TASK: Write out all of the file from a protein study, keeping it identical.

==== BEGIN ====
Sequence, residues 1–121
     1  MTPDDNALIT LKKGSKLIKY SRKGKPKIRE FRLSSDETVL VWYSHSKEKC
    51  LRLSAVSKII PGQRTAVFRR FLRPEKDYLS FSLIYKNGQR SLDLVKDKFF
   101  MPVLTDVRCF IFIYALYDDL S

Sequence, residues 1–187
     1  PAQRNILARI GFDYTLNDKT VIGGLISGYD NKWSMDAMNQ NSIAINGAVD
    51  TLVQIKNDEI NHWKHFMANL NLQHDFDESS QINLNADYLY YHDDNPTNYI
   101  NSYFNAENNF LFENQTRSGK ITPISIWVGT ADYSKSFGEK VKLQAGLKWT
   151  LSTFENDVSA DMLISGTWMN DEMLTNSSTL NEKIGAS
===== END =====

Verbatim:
Sequence, residues 1–121
     1  MTPDDNALIT LKKGSKLIKY SRKGKPKIRE FRLSSDETVL VWYSHSKEKC
    51  LRLSAVSKII PGQRTAVFRR FLRPEKDYLS FSLIYKNGQR SLDLVKDKFF
   101  MPVLTDVRCF IFIYALYDDL S

Sequence, residues 1–187
     1  PAQRNILARI GFDYTLNDKT VIGGLISGYD NKWSMDAMNQ NSIAINGAVD
    51  TLVQIKNDEI NHWKHFMANL NLQHDFDESS QINLNADYLY YHDDNPTNYI
   101  NSYFNAENNF LFENQTRSGK ITPISIWVGT ADYSKSFGEK VKLQAGLKWT
   151  LSTFENDVSA DMLISGTWMN DEMLTNSSTL NEKIGAS